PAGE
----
Analysis in mice of the prenatal toxicity of some paints used in the ceramics industry
Néhány kerámiaipari festék prenatális-toxikológiai hatásának vizsgálata egéren [in Hungarian]
No embryotoxic or teratogenic effects were found in mice exposed to any one of 16 paints used in the ceramics industry. The paints were fed to pregnant mice in 3 doses of 1000mg/kg during the 6th - 12th days of pregnancy.
Egészségtudomány, 1988, Vol.32, No.172-175.
Diverse manifestations of trichloroethylene
Trichloroethylene, a solvent used in a variety of industrial settings for more than 60yrs, has had adverse effects on the central and peripheral nervous system, the skin, liver, kidney, and heart. This article reports on 3 previously healthy men who showed relatively unusual manifestations after exposure to trichloroethylene in degreasing operations in the jewellery industry. The manifestations included toxic encephalopathy, hepatitis, and carpal spasm. Clinical and laboratory data, including measurement of urinary trichloroacetic acid concentrations, are presented.
British Journal of Industrial Medicine, Feb. 1988, Vol.45, No.2, p.122-126. Illus. 24 ref.
Houts P.S., McDougall V.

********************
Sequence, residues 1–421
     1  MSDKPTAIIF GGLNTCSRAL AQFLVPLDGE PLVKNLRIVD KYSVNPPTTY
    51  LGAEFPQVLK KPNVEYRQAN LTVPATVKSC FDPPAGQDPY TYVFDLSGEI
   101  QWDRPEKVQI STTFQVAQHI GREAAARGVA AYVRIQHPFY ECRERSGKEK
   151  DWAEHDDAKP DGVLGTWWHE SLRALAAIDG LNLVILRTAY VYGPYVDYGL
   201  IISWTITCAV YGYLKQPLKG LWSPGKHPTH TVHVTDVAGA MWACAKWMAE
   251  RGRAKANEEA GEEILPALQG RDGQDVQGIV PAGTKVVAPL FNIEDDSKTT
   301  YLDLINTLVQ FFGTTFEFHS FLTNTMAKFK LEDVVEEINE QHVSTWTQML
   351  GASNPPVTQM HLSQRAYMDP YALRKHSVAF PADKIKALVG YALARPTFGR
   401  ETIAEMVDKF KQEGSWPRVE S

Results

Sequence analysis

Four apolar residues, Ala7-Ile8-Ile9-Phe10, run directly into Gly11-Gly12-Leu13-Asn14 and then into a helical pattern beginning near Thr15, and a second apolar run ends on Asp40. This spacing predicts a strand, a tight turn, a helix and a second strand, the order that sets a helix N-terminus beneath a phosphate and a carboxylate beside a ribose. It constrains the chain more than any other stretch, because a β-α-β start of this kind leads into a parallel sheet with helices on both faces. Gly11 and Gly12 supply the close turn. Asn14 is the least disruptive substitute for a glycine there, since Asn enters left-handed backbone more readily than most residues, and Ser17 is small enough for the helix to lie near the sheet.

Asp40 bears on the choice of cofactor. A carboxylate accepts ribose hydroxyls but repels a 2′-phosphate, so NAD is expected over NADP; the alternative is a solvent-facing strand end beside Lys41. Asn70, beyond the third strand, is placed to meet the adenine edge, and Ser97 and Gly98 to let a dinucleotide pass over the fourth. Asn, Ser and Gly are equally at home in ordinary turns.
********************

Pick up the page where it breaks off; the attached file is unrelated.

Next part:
Effects of informing workers of their health risks from exposure to toxic materials
This study compares the mental health, attitudes, and smoking behaviour of 133 workers who had been informed of health risks from exposure to toxic materials on the job with 137 workers who worked in similar conditions but who had not been told that their health was at risk because of exposure to toxic materials. The informed workers reported more health problems than the controls, but there were no significant differences between the informed and uninformed groups in mental health, attitudes toward health hazards in or outside the workplace, or in smoking rates. Ninety percent of all respondents felt that exposed workers definitely should be told of their health risks. These findings indicate little psychological risk from informing workers about their risks because of exposure to toxic substances and a strong desire on the part of workers to be informed.
American Journal of Industrial Medicine, 1988, Vol.13, No.2, p.271-279. 15 ref.
Tisserand M., Schouller J.F., Englert M., Didier M., Sot V.
Prevention of elbow disorders caused by prolonged leaning. Study of the work station of glass cutters
Prévention des affections du coude provoquées par un appui prolongé. Etude du poste de tailleur de verre [in French]
Elbow disorders among manual cutters, polishers and engravers are recognised occupational diseases in France. This paper studies the factors which cause these disorders to appear and develop and gives the results of on-the-job measurements of vibrations and forces to which elbows are subjected and also of a brief survey of the frequency of these disorders. The analysis of the workplace is accompanied by a description of a simple mechanical device enabling the worker to lean on the forearms rather than on the elbows. The device should put a stop to elbow disorders among glass cutters, and could also be used in other industries with similar working postures.